As John mentioned, the major and minor ticks were the taller and shorter ticks, respectively. In your pasted example, you only change the minor ticks; by setting the majorLocator to same value as in the original example (i.e. 20), you only get the major tick at 0 because your data only goes to 1.5 (i.e. 20 is outside your plot range).
Also, the majorFormatter in the example is set to work with integers, but your major tick labels should be float values (since most of them are between 0 and 1). Thus, the majorFormatter code is unnecessary (commented out below).
Finally, a pet peeve: when posting example code, please make the effort to generate data for the plot so that others can easily run the code (see attached).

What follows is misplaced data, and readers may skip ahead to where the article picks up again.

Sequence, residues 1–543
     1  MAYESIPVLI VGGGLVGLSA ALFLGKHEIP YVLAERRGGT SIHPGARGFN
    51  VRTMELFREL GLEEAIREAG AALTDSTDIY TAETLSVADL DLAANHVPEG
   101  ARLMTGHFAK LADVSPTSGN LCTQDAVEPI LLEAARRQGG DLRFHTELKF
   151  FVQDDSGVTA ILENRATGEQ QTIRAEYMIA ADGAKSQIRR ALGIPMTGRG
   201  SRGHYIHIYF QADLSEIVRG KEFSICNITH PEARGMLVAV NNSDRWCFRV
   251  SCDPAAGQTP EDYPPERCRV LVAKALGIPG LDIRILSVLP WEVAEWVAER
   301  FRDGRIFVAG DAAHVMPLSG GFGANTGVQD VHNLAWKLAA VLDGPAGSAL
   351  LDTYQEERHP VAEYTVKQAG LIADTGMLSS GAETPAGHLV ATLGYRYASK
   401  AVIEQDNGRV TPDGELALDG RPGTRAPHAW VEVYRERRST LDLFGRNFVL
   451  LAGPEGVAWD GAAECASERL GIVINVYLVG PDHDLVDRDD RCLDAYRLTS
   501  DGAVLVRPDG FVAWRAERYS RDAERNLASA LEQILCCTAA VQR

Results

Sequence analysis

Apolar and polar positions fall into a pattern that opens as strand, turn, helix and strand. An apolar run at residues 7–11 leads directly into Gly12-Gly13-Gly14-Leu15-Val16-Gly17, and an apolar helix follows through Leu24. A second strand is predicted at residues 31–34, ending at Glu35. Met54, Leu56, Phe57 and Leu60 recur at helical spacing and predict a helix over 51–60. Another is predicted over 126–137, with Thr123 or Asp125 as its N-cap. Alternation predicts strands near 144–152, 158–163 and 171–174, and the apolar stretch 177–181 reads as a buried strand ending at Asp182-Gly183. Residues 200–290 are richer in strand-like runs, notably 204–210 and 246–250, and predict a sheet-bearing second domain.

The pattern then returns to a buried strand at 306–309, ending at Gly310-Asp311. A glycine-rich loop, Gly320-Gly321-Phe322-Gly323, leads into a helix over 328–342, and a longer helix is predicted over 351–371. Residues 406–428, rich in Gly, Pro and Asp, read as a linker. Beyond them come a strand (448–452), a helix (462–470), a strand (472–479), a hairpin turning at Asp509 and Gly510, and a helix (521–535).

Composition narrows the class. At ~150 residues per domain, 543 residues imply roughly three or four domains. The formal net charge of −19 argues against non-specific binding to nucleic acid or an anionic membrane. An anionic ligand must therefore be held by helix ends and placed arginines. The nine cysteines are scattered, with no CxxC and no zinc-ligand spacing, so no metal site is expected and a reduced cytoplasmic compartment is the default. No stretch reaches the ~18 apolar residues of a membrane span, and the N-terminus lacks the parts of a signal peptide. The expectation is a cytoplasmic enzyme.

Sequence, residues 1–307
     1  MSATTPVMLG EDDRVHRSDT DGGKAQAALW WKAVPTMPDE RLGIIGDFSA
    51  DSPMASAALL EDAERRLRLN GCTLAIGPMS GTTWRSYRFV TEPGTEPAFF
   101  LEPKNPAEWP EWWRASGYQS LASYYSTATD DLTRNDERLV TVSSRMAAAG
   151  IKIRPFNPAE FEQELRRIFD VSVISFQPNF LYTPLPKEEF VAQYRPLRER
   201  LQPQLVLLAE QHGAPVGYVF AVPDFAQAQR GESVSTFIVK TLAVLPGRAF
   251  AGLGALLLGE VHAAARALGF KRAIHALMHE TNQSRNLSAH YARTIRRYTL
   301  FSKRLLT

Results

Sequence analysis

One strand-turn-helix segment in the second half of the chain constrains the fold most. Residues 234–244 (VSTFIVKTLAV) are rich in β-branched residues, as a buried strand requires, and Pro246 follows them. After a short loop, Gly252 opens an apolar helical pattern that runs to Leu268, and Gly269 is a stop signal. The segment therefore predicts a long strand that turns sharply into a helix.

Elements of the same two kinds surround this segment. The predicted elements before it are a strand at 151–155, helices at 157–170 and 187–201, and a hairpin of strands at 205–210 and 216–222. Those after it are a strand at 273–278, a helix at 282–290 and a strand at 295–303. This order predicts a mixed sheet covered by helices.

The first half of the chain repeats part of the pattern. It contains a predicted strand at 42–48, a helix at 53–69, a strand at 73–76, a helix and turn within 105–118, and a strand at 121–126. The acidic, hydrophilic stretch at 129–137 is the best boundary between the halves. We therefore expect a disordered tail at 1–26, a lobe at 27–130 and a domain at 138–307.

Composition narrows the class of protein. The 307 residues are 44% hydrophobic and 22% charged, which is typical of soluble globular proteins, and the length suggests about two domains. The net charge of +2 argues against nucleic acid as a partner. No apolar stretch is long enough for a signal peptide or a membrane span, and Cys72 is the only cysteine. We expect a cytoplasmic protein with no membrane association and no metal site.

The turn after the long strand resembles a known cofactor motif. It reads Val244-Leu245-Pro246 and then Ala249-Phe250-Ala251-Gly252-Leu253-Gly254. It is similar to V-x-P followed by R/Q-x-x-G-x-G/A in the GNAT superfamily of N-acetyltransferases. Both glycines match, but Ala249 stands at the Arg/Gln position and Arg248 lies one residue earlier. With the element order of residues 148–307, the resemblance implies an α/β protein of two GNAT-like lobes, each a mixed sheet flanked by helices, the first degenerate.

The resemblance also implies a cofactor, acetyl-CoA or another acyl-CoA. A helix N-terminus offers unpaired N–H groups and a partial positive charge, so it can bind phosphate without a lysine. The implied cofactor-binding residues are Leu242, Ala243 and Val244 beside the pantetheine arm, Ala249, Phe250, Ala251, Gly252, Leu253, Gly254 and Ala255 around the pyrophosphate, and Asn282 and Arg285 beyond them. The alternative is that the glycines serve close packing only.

On Oct 7, 2010, at 3:38 PM, Waléria Antunes David wrote:
I did like the links below, but seeing as it was my chart.
My code: http://pastebin.com/KcjHAPLN
On Thu, Oct 7, 2010 at 3:08 PM, John Hunter <jdh2358@…287…> wrote:
On Thu, Oct 7, 2010 at 1:01 PM, Waléria Antunes David > > > > <waleriantunes@…287…> wrote:
I need to know how do these vertical lines on the graph. See the picture,
the lines circled.
We call these major and minor ticks. The major ticks are the taller
ones, the minor ticks are the smaller ones. Their location is
controlled by the major and minor Locator instances, and the text
printed beside them is controlled by the major and minor formatter.
To control the tick properties themselves, see the Tick section in
import numpy as np
import matplotlib.pyplot as plt
from matplotlib.ticker import MultipleLocator, FormatStrFormatter
def gera_grafico(N=200, eps=1):
x = np.abs(np.random.randn(N))
y = 10np.log((30x + 1.)**(0.5)) + 34 + eps * np.random.randn(N)
yerr = eps * np.random.randn(N)
majorLocator = MultipleLocator(0.2)
majorFormatter = FormatStrFormatter(’%d’)
minorLocator = MultipleLocator(0.02)
fig, ax = plt.subplots()
plt.errorbar(x, y, yerr, fmt=‘ob’, label=‘date’)
if name == ‘main’: